Early this month, officials at state-run Gorkhapatra daily got into a public fistfight with the head of an advertising agency. The row was reportedly over the agency not paying what it owed to the newspaper despite repeated requests.
At the police station, where the agency head had been hauled up, both sides exchanged fisticuffs before they were forcibly pulled apart. Supporting the agency head were members of the Advertising Association of Nepal (AAN), who issued a statement, expressing regret that such an incident had even come to pass. Other media outlets reported the spectacle with nary a commentary.
Inexcusable though Gorkhapatra officials' physical assault on an advertising professional was, it nonetheless did raise this question. Just what is the nature of the relationship between ad agencies and media houses in Nepal? The answer depends on who you're talking about.
First, let's talk about the media houses. Behind all the heart-warming self-references about being members of the fourth estate, media houses are private companies that have to make money to stay in business. But the challenges they face are many. In the last one year alone, the cost of printing paper in the international market has risen by 50 per cent, if not more. When these companies plan to launch new media products or tweak the existing ones, they face a severe shortage of qualified staff-creative professionals who can think, write, edit, design, publish, sell and distribute with little supervision.
Meantime, the manpower they have is getting costlier to hold on to as the costs of everything else continue to go up. The longer they wait to address staff's legitimate and, in some cases, exaggerated grievances, it is likely that they'll end up spending time dealing with trade unions, some of which have overt party-political agenda, which includes even shutting down the business. Given Nepal's vibrant media market, the competition to attract readers' and advertisers' attention has never been fiercer. And this doesn't include how free distribution of content on the Internet has shrunk media's traditional money-recovering model.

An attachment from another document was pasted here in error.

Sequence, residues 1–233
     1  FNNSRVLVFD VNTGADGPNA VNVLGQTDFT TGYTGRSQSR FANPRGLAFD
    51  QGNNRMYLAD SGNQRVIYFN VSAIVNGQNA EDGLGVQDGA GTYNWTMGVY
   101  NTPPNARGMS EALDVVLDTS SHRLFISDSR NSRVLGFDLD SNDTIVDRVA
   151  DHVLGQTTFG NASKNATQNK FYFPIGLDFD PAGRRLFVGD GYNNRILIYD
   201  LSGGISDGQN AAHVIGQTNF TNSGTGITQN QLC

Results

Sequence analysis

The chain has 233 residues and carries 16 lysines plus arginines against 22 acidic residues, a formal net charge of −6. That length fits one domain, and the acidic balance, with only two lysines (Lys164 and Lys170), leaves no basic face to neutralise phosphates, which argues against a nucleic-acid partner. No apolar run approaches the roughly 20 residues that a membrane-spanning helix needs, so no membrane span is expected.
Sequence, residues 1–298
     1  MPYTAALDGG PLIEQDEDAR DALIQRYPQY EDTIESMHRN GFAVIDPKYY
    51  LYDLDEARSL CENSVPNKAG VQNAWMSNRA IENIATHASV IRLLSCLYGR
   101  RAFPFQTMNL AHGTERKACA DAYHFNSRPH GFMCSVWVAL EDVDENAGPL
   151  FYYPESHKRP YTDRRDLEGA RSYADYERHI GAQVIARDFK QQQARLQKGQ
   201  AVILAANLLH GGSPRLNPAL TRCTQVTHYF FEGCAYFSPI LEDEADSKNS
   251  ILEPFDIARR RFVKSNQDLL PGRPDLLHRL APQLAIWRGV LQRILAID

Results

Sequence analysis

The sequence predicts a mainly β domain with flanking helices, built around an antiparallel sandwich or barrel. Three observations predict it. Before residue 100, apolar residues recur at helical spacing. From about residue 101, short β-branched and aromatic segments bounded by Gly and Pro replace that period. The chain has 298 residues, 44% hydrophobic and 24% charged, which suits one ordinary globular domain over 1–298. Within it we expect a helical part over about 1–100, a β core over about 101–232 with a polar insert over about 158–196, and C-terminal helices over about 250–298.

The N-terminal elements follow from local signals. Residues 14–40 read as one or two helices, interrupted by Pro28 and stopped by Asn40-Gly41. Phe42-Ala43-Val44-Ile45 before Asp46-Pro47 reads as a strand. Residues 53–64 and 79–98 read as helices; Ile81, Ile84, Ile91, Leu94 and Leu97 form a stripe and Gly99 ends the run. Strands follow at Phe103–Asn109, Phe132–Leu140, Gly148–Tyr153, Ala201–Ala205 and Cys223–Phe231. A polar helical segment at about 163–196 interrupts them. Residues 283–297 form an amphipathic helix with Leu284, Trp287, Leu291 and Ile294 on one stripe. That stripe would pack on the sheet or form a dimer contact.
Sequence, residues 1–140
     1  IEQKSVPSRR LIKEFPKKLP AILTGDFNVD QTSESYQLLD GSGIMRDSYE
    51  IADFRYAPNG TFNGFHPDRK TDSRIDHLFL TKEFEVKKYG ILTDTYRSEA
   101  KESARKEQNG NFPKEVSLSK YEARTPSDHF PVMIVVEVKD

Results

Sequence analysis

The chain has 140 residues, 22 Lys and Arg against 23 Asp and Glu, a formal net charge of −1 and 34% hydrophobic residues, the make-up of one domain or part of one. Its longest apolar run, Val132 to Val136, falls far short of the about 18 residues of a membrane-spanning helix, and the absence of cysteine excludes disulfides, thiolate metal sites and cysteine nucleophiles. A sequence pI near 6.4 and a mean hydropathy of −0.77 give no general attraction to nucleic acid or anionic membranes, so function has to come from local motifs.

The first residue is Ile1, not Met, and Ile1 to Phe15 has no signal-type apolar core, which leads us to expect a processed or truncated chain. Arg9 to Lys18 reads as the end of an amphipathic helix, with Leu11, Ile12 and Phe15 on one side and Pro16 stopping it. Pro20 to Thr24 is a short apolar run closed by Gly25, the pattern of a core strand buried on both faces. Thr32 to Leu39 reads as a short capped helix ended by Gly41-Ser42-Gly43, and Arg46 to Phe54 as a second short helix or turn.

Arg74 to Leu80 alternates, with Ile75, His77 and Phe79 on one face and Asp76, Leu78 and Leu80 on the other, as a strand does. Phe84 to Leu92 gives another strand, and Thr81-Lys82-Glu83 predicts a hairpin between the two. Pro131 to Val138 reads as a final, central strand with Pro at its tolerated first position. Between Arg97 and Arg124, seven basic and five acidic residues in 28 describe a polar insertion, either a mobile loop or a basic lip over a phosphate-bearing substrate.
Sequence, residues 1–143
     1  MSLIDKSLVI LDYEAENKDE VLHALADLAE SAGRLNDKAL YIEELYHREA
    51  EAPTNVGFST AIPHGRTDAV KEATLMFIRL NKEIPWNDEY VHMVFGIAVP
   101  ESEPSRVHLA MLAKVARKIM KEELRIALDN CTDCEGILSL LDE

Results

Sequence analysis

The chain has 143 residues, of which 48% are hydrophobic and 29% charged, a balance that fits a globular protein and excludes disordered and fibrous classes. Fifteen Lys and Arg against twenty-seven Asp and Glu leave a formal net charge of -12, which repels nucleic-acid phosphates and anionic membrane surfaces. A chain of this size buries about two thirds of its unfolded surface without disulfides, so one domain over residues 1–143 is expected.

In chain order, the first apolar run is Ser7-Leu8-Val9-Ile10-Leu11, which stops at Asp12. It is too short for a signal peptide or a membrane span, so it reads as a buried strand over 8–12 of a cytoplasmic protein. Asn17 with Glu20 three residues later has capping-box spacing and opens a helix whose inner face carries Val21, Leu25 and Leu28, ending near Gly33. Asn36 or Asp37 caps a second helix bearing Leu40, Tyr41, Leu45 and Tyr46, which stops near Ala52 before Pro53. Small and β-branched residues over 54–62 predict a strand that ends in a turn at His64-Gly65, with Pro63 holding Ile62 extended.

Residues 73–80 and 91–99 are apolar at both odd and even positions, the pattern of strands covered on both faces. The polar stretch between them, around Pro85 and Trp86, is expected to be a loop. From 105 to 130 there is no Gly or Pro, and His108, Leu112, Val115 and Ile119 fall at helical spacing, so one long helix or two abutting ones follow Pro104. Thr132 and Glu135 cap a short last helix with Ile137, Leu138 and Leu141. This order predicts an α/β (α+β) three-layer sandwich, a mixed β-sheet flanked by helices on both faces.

With their backs against the wall, media houses are slowly, if reluctantly, recasting themselves as being, first and foremost, in the advertising business. And that's where ad agencies play an important dual role. To advertisers, who are the agencies' clients, they offer expertise on ad placements, designs and outreach work.
With media houses, they negotiate clients' ads for placement. For this intermediary role, they collect fees from clients, slice off their share, and pass the rest on to the media houses. This flow of task has worked well with a handful of Nepali ad agencies that are professionally managed and exhibit a globally-savvy outlook. Careful about their reputation, they clear up their financial obligations promptly.
But there's a long tail of smaller ad agencies that continue to hurt the credibility of advertising professionals in Nepal. Often run by characters who seem to have been lifted straight out of the movie Get Shorty, these agencies offer shoddy services to clients. And by not paying the media houses for months and years on end, they take advantage of the fact that there is no small-claims court, and that a lawsuit can drag on for years. Unable to offer convincing answers to auditors and promoters about a long list of non-paying agencies, most media executives seethe privately. But some, like those at Gorkhapatra, take matters into their own hands.
The Gorkhapatra incident has encouraged the AAN executives to offer help to mediate between media houses and ad agencies in the future. Though that's a step in the right direction, they must remain vigilant that the reputation of their industry is not held hostage to the bad-faith actions of the long tail of non-paying agencies.